OBJECTIVE: Preterm birth poses a risk to cognition during childhood. The resulting cognitive problems may persist into young adulthood. The early motor repertoire in infancy is predictive of neurocognitive development in childhood. Our present aim was to investigate whether it also predicts neurocognitive status in young adulthood.
METHOD: We conducted an explorative observational follow-up study in 37 young adults born at a gestational age of less than 35 weeks and/or with a birth weight below 1200 g. Between 1992 and 1997, these individuals were videotaped up until 3 months' corrected age to assess the quality of their early motor repertoire according to Prechtl. The assessment includes general movements, fidgety movements (FMs), and a motor optimality score (MOS). In young adulthood, the following cognitive domains were assessed: memory, speed of information processing, language, attention, and executive function.
RESULTS: Participants in whom FMs were absent in infancy obtained lower scores on memory, speed of information processing, and attention than those with normal FMs. Participants with aberrant FMs, that is, absent or abnormal, obtained poorer scores on memory, speed of information processing speed, attention, and executive function compared to peers who had normal FMs. A higher MOS was associated with better executive function.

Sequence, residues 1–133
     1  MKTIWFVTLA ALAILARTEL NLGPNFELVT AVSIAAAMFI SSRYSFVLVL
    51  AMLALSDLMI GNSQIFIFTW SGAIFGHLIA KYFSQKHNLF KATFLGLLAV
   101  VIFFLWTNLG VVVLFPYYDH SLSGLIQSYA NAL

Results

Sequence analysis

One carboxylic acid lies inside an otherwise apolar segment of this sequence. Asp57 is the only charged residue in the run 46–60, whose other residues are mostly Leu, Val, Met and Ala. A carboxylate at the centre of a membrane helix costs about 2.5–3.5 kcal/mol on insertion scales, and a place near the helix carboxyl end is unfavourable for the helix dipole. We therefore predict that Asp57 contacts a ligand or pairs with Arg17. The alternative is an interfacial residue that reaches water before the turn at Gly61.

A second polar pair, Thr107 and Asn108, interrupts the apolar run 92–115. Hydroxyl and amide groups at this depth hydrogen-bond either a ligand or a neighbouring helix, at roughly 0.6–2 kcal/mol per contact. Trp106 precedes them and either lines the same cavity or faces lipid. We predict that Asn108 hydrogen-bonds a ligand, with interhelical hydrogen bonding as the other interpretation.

CONCLUSIONS: The quality of the early motor repertoire is associated with performance in various cognitive domains in young adulthood. This knowledge may be applied to enable the timely recognition of preterm-born individuals at risk of cognitive dysfunctions.
|Number of pages||12|
|Journal||Journal of the International Neuropsychological Society|
|Early online date||3-Jan-2022|
|Publication status||Published - 2023|